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Direct Synthesis of Complex, Bioactive Molecules Through Control of Catalyst-Promoted Equilibria (ref: RDF20/APP/KNOWLES)

  • Full or part time
  • Application Deadline
    Friday, January 24, 2020
  • Competition Funded PhD Project (European/UK Students Only)
    Competition Funded PhD Project (European/UK Students Only)

Project Description

Developing access to new areas of molecular space is a key objective for chemists,1 particularly to three-dimensional, sp3-rich compounds which show improved bioactivity compared with flat, sp2-rich structures favoured by recent strategies within the pharmaceutical sector.2 While this importance is increasingly known, prompting the development of software to predict the “three-dimensional novelty” of structures, there remains a lack of reliable methodologies for creating this diversity; metal-catalysed cross-coupling processes show great ability to form carbon-carbon bonds but remain associated with flat molecular architectures (Scheme 1a). Further, nitrogen remains a key element in bioactive molecules, appearing in every major pharmacological class despite its inclusion representing an established synthetic challenge. A methodology forming novel, three-dimensional structures which incorporate nitrogen would therefore be of great importance to medicinal chemists,1a-b,3 equipping the field of drug discovery with another tool to combat antibiotic resistance. Tsuji-Trost reactions (Scheme 1b) show promise in creating stereochemically-complex structures,1b and recent developments permit the activation of carbon-nitrogen bonds. This project will develop the related catalytic rearrangement of allylic amines to convert simple starting materials into highly complex, bi- and tri-cyclic structures. The deliberate use of amines as the reactive component will turn a synthetic problem into an advantage, while ensuring this key group is retained. Such rearrangements are inherently equilibria, and control will therefore be achieved through the design of selective termination strategies, permitting only one state to undergo further reaction (Scheme 1c). This will allow single step syntheses of complex, stereo-defined structures that score highly in terms of novelty and three-dimensionality. The resulting compounds are well suited to further derivatisation, allowing the testing of small compound libraries against cellular targets (cancer, bacterial, CNS) through collaboration with groups at Northumbria and Bristol universities. The automated scale-up of these reactions will also be explored, permitting application within industrial research.4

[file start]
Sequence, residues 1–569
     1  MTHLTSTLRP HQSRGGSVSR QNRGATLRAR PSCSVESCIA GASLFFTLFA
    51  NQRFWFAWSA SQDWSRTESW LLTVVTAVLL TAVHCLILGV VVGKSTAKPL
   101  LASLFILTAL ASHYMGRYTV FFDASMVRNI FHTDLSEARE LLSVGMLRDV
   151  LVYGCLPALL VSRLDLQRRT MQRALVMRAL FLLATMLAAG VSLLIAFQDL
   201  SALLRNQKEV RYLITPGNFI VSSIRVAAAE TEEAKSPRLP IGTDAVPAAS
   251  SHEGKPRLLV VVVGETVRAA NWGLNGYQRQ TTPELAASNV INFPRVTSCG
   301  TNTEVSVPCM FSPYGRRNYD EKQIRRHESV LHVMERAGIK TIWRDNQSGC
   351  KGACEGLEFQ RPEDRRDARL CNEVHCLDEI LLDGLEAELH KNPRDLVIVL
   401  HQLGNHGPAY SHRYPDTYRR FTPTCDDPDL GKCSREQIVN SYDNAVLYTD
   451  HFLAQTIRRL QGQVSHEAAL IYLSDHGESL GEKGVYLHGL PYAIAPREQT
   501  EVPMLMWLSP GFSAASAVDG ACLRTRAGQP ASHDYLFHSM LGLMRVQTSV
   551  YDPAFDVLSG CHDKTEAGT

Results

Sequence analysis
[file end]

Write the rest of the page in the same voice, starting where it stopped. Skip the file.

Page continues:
Eligibility and How to Apply:

Please note eligibility requirement:

• Academic excellence of the proposed student i.e. 2:1 (or equivalent GPA from non-UK universities [preference for 1st class honours]); or a Masters (preference for Merit or above); or APEL evidence of substantial practitioner achievement.
• Appropriate IELTS score, if required.
• Applicants cannot apply for this funding if currently engaged in Doctoral study at Northumbria or elsewhere.

For further details of how to apply, entry requirements and the application form, see
https://www.northumbria.ac.uk/research/postgraduate-research-degrees/how-to-apply/

Please note: Applications that do not include a research proposal of approximately 1,000 words (not a copy of the advert), or that do not include the advert reference (e.g. RDF20/…) will not be considered.

Deadline for applications: Friday 24 January 2020
Start Date: 1 October 2020

Northumbria University takes pride in, and values, the quality and diversity of our staff. We welcome applications from all members of the community. The University holds an Athena SWAN Bronze award in recognition of our commitment to improving employment practices for the advancement of gender equality.

Funding Notes

The studentship is available to Home/EU students with a full stipend, paid for three years at RCUK rates (for 2019/20, this is £15,009 pa) and full fees.

References

1) For examples from my own work, see: a) C. J. Gerry, B. K. Hua, M. J. Wawer, J. P. Knowles, S. D. Nelson, Jr., O. Verho, S. Dandapani, B. K. Wagner, P. A. Clemons, K. I. Booker-Milburn, Z. V. Boskovic, S. L. Schreiber, J. Am. Chem. Soc., 2016, 138, 8920; b) E. E. Blackham, J. P. Knowles, J. Burgess and K. I. Booker-Milburn, Chem. Sci, 2016, 7, 2302; c) P. J. Koovits, J. P. Knowles and K. I. Booker-Milburn, Org Lett., 2016, 18, 5608; d) K. G. Maskill, J. P. Knowles, L. D. Elliott, R. W. Alder and K. I. Booker-Milburn, Angew. Chem. Int. Ed., 2013, 52, 1499. 2) F. Lovering, J. Bikker and C. Humblet, J. Med. Chem., 2009, 52, 6752. 3) For examples from my own work, see: a) R. L. Connelly, J. P. Knowles and K. I. Booker-Milburn, Org. Lett. 2019, 21, 18; b) J. P. Knowles and K. I. Booker-Milburn, Chem. Eur. J., 2016, 22, 11429. 4) For my experience in scale-up using flow reactors, see: a) L. D. Elliott, J. P. Knowles, P. J. Koovits, K. G. Maskill, M. J. Ralph, G. Lejeune, L. J. Edwards, R. I. Robinson, I. R. Clemens, B. Cox, D. D. Pascoe, G. Koch, M. Eberle, M. B. Berry and K. I. Booker-Milburn, Chem. Eur. J., 2014, 20, 15226; b) L. D. Elliott, J. P. Knowles, C. S. Stacey, D. J. Klauber and K. I. Booker-Milburn, React. Chem. Eng., 2018, 3, 86

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